“Take the plastic cases where the metal parts go as an example. Plastics companies wouldn’t take them, but when we talked to metals companies, we learned that they were willing to take them in exchange for money. The current results are the fruit of repeating this consistent work. What is important is for us involved in this to keep thinking about the different things we can do. While establishing a relationship with partner companies, we have achieved a waste sorting system that promotes turning everything into something valuable.”
Implementing awareness of waste sorting in the “structure”
We can’t succeed in reducing the ratio of waste sent to landfill through one department’s activities alone. Learning about the vast number of parts and waste used in manufacturing is an extremely difficult task, and tackling it requires the cooperation of the site and raising awareness of waste sorting.
“When I was first put in charge of this task, waste sorting didn’t go as expected. Different kinds of materials, such as metal and plastic, were often mixed as impure materials, even though they could be broken down. We focused our efforts on our communication with the department manager in charge of the site to overcome this situation. For example, we sought cooperation by sending emails with photos attached to ask workers to break down impure materials and put them in the collection space. I believe that this kind of slow and steady work is what led to results.” (Usui)
Assigning the members of the department as dedicated transporters played a significant role in instilling awareness of waste sorting at the manufacturing site. The members in charge of transporting waste gave reminders for waste sorting, dramatically improving awareness at the site.
“We were able to come up with these ideas because we had knowledge about supply chain management. I believe we were able to fully use our experience of continuously making improvements at the manufacturing site. The key was implementing the communication for raising awareness in the ‘structure.’ Taking responsibility for the collection and transportation also saved effort at the site.” (Takahashi)
Toward a zero-waste future
The 3Rs that Fuji Electric has promoted aim to recycle the produced waste, meaning it anticipates waste production. On the other hand, the circular economy concept aims for the circular use of resources, which requires business operators to make an effort to stop producing waste. The Act on Promotion of Resource Circulation for Plastics (the new plastic law) implemented in April 2022 is a symbolic move toward this. Therefore, further development will be required for the initiatives aimed at reducing waste. The members state their future prospects and express their enthusiasm as follows.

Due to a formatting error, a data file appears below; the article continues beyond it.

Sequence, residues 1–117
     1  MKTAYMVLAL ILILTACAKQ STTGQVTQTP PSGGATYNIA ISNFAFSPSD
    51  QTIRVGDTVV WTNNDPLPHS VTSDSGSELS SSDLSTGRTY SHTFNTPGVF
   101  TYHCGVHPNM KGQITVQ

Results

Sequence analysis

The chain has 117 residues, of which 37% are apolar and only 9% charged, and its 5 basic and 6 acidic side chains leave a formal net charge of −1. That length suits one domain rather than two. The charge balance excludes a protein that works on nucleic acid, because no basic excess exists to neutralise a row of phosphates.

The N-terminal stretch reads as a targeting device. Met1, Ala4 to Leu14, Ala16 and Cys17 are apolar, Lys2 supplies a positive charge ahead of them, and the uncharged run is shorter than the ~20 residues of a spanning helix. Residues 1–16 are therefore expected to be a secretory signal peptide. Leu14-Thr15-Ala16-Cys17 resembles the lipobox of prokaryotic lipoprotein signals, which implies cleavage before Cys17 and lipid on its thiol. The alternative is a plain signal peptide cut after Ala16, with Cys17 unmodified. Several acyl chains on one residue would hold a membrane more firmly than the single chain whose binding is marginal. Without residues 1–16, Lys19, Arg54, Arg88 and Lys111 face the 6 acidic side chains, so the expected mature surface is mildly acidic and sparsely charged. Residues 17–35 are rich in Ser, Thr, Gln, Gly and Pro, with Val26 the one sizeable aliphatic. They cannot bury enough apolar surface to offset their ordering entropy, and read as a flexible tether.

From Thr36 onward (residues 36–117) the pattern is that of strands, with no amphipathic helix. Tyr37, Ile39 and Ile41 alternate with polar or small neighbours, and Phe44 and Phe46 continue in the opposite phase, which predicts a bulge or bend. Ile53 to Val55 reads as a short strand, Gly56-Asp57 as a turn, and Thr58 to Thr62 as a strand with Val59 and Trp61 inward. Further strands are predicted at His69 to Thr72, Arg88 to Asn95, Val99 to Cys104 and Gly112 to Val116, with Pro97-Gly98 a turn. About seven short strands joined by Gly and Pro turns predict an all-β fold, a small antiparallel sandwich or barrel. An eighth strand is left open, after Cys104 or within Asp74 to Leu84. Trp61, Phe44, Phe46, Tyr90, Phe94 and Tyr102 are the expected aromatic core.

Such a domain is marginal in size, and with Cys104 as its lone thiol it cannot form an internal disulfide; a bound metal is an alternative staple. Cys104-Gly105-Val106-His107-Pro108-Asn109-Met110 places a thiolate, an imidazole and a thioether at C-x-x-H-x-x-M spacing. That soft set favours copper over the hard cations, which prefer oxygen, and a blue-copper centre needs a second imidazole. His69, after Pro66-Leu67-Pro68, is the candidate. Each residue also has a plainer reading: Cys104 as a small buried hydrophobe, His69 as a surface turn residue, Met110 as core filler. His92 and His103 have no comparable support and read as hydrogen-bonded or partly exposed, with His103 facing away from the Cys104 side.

“Eliminating waste is something that not only our team needs to work toward, but rather the entire factory. Being aware of new issues is important, but I believe that continuing our current efforts is also crucial. It is essential that we efficiently transform the produced waste into something valuable. We will continue working together as a team toward a manufacturing structure that meets society’s expectations.” (Usui)
“Going forward, not only will we be required to recycle plastic, but also reduce the total amount of waste produced. When we reanalyzed the plastic waste at the Fukiage Factory, we found that a large amount of plastic is brought in from overseas in the form of packing materials for parts. We will start by tackling this to improve the situation. We are currently working on cooperation across departments and taking concrete actions.” (Takahashi)
“At Fuji Electric, we will continue aiming to ultimately reach zero emissions by 2050. We will keep making an effort to achieve a circular economy, from product design to waste treatment. We especially believe that reducing plastic waste (in compliance with the new plastic law) is a major challenge, so we are currently investigating the actual situation of plastic waste production at production sites. We are analyzing the cause of plastic waste production to reduce it. In addition, we are expanding the reuse of plastic waste by ensuring waste sorting and reviewing waste treatment partners as necessary. With this, we are starting by investigating the actual situation to achieve a circular economy. As for our next step, we plan to establish a supply chain that effectively utilizes resources. Therefore, we believe that we need to ultimately eliminate waste sent to landfill in the entire company, and we will continue to promote efforts inside and outside Japan.” (Ikemi)
Contribution to SDGs
With the Fuji Electric Code of Conduct “Respect and value the global environment,” we position initiatives to conserve the global environment as one of the most prioritized management issues. SDGs target “12. Responsible Consumption and Production” is one of our priority goals. As a direction for our long-term environmental activities, we have established “Environmental Vision 2050” and “FY2030 Goals,” reducing the amount of waste sent to landfill throughout the supply chain, including our production activities.